Welfare minister Isaac Hertzog of Israel announced today that Israel plans to adopt orphans from the Haiti earthquake. He observed, “Haiti was one of the countries that supported us on November 29, 1947, and now it’s our turn to support them.”

The urgency of the moment demands that other countries also get involved with providing new homes for these poor children. UNICEF warned that the orphans are especially vulnerable because of the dangers of trafficking minors and sexual exploitation.

One of the best things Israel did was set up the only functional hospital in Haiti—a feat not even the United States or the other Western countries managed to do.  Although this hospital consists of army tents with folding beds, the field hospital has advanced surgical facilities, X-ray and imagery machines, and a full staff of professional doctors and nurses from Israel’s top military and civilian hospitals.

Some critics will always take the attitude that Israel has an ulterior motive: it wishes to improve its public image; even if this may partially be the case, so what? Why not ask that same question regarding any country or individual that chooses to get involved?  In the final analysis, lives are being saved.  Isn’t that what counts? Judaism has always stressed the importance of deeds over creeds. We experience our faith–not by talking about it, but by living it.

As we study the book of Exodus this month, the experiences of our ancestors continues to shape our lives. Memory in the Bible is never something that is passive; it is a call to action. To remember the Exodus is to live by its lessons. You see, God demands that we too must become liberators and redeemers.  Biblical theology does not begin the higher academies of Jewish learning, it begins in the streets; the Torah is constantly exhorting us to remember what it was like to be a slave in an oppressive society without the possibility of hope.  From this perspective, a true theology of the Torah is inextricably related to acts that positively transforms the lives of its communities.  Ancient Israelite society was built on a concept of mutual aid where every citizen must take personal responsibility for the social condition of his or her world (Cf. Deut. 15:7-16).

Note that nowhere does the Torah explicitly promise an afterlife for those follow its precepts. Rather, the realization of the Heavenly Kingdom demands that its citizens do whatever it takes to create a social order that will look after the needs of each of its citizens. The world of Eternity and the temporal world we inhabit intersect in the realm of the interpersonal. Faith in God is never an abstraction; the hand of God paradoxically resembles the human hand. With each act of kindness to the stranger and the indigent, God’s own hand become enfleshed.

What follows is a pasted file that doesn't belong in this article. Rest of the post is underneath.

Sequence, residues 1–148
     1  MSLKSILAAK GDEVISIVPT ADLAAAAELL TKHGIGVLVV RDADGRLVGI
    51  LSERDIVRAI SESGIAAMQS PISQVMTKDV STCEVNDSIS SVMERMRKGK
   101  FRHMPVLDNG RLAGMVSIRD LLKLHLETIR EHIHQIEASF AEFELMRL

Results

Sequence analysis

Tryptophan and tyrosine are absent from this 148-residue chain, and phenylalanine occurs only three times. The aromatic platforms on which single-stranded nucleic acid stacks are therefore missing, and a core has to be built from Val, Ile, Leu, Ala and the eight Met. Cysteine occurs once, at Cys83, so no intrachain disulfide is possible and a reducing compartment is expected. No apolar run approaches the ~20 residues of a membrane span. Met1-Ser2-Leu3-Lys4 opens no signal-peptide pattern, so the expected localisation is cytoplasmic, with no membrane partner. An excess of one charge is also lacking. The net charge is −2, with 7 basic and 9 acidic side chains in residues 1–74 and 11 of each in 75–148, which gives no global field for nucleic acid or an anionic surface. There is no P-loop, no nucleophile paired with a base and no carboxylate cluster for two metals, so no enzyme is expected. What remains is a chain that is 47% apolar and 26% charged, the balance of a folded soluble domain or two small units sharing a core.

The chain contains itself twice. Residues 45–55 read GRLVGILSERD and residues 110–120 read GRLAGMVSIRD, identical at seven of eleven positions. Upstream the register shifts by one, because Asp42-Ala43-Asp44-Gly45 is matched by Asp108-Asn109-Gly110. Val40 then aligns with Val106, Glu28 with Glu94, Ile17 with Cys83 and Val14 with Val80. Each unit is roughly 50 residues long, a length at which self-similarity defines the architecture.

There is a charming rabbinic teaching that accentuates this point.[1]

Rabbi Akiba and Turnus Rufus, the Roman governor of Judea had a discussion. “Turnus Rufus asks Akiba, ‘If your God truly loves the poor, then why does He not provide for them? To cite a parable, suppose a human king became  angry with his slave, imprisoned him and ordered that he was not to be provided with food and drink; and then a person goes and feeds him and offers him to drink. When the king hears of it, will he not be angry with him?’ Akiba replied, ‘I will offer you a more appropriate parable: Suppose a human king became angry with his son, imprisoned him and ordered that he was not to be provided with food or drink; and then a person goes and feeds him and offers him to drink. When the king hears of it, will he not reward him?’ We are called God’s children, as it is said, ‘You are the children of the Lord your God’ (Deut. 14:1).”

Akiba then cites the following passage that illustrates this lesson:

Is this the manner of fasting I wish,
of keeping a day of penance:
That a man bow his head like a reed,
and lie in sackcloth and ashes?
Do you call this a fast,
a day acceptable to the LORD?

This, rather, is the fasting that I wish:
releasing those bound unjustly,
untying the thongs of the yoke;
Setting free the oppressed,
breaking every yoke;

Sharing your bread with the hungry,
sheltering the oppressed and the homeless;
Clothing the naked when you see them,
and not turning your back on your own.

Then your light shall break forth like the dawn,
and your wound shall quickly be healed;
Your vindication shall go before you,
and the glory of the LORD shall be your rear guard.

(Isaiah 58:5-8).

[1] BT Baba Batra 10a.

Beware of the “hardened heart”

Byline 4:00 PM Friday

There are six great “forests” in the 94, 189-square-mile region known as the Petrified Forest National Park of Northern Arizona. Virtually unknown until the late 1870’s, the 135-million-year-old “stone trees” had been killed by natural processes and deeply buried in mud and sand that contained silica-rich volcanic ash. The logs became petrified as the mineral, carried into the wood by ground water, eventually replaced the wood cells.  As the surrounding material eroded away, and the petrified logs and fragments and chips of varied colors became exposed. Its stone is of such hardness that it will scratch all but the hardest alloy steels.